• Lee is the new WBO middleweight world champion 

The old saying goes that nice guys finish last.

But Andy Lee made a mockery of that, and the bookmakers here in Las Vegas, to become the new middleweight champion of the world on an emotionally charged evening on the strip.

And, although he might not describe it as such, there was a sense that the popular 30-year-old fulfilled his destiny in front of the widow of his former trainer, the legendary Emanuel Steward at the Chelsea arena inside the Cosmopolitan Hotel. 

It was Steward who took Lee under his wing, immersed him in his famous Kronk philosophy in Detroit, even let him stay at his home after they met in 2002.

Steward guided Lee through his formative years as a professional and even up until his first challenge for a world title, the unsuccessful attempt to wrestle the WBC title from Julio Cesar Chavez Jr in 2012.

But Lee was forced to go it alone four months later when Steward passed away until he linked up with Adam Booth, who was in the corner here, and the brains behind Lee’s preparation for this shot at the WBO title.

Lee admitted in the week, in the suite 45 floors above the venue, that a defeat here would likely end his career, with no desire to fight his way back from another failed title challenge. He also said that he was completely confident of beating undefeated Matt Korobov.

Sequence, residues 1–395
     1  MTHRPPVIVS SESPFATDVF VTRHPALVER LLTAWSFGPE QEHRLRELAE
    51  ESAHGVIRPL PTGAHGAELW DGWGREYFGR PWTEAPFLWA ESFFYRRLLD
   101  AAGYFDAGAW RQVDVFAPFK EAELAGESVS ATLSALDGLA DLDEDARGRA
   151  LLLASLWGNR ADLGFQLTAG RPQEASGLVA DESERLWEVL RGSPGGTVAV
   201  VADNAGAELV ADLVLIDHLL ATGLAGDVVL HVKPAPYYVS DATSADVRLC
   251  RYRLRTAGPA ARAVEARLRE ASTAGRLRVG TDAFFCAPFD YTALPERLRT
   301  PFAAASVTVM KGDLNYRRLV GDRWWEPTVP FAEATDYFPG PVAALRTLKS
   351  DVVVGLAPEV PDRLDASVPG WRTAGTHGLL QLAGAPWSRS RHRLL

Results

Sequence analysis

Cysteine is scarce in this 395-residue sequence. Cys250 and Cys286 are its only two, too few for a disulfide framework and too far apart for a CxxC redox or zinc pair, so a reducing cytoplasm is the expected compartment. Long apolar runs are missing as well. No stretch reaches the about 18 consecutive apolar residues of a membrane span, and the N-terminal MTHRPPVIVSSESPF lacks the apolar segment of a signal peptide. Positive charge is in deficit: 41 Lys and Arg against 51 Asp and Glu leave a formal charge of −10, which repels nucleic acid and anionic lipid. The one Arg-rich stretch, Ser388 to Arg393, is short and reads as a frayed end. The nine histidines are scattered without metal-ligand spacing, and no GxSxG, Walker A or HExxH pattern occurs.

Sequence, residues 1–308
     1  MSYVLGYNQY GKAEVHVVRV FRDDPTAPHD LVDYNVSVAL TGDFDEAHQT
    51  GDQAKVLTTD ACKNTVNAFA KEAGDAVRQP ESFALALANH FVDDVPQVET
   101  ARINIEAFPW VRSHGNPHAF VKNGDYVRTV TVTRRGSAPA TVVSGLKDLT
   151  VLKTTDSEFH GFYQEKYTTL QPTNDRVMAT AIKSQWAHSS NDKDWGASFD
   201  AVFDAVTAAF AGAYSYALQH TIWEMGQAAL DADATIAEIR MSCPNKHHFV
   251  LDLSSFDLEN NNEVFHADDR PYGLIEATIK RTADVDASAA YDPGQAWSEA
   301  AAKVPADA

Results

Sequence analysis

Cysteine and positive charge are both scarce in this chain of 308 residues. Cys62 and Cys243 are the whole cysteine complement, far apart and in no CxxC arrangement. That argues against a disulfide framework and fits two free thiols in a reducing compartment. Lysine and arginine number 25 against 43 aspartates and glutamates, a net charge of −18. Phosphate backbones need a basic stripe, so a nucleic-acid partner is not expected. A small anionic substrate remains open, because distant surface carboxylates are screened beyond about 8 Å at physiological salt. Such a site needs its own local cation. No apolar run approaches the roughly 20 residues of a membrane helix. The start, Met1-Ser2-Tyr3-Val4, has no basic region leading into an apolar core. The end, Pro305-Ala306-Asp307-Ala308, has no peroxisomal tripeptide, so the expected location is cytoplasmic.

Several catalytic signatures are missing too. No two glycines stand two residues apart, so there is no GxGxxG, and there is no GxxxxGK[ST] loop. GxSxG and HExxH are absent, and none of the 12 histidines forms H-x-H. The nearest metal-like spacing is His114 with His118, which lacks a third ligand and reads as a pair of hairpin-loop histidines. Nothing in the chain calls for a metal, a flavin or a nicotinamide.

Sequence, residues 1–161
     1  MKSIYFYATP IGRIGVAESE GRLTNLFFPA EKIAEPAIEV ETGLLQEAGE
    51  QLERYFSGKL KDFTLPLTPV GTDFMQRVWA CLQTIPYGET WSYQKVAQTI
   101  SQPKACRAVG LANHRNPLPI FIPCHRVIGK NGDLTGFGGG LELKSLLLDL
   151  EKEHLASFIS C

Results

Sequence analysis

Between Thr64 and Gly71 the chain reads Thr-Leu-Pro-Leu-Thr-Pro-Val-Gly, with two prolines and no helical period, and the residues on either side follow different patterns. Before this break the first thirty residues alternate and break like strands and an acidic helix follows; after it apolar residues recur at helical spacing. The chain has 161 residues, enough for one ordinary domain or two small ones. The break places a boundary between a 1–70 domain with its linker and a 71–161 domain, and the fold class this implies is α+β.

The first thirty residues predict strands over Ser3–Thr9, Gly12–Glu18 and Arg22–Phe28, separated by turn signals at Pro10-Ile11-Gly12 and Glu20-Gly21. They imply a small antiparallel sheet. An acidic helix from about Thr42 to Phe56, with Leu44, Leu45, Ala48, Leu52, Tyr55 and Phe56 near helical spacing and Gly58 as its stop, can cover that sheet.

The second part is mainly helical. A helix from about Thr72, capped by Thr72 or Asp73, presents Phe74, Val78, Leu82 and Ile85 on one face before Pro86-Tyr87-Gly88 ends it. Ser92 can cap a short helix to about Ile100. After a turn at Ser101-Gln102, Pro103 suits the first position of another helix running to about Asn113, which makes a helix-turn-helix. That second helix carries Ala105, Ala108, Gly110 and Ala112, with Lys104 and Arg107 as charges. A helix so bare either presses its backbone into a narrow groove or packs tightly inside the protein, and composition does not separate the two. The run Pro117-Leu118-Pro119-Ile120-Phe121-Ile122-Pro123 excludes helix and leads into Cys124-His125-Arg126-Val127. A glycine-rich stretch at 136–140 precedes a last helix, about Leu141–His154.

And he showed exactly why in the sixth round of this contest, which was otherwise tentative, quiet and cagey. In fact, the only moment of note before the stoppage was when Lee momentarily stiffened the Russian with a left hand in the centre of the ring.

It was a sign of things to come.

In the sixth round, Lee shipped a left hand but, almost immediately, connected with a right hook that is swiftly becoming his trademark. Korobov tottered, stunned from the impact, and Lee did not waste a second, swarming the 31-year-old. Referee Kenny Bayliss waved it off quickly.

The celebrations were passionate as Lee, truly one of boxing’s good guys, embraced his new trainer Booth. His wife was also hoisted into the ring to join the new WBO champion.

He is the first Irish middleweight to clinch a world title since Steve Collins who, 20 years ago, won this very belt. He is also the first man from the travelling community to win a world title in the history of professional boxing.

Speaking of the traveling community, this victory also sets up a mouth-watering contest between Lee and Billy Joe Saunders, who is the mandatory challenger for the new WBO king.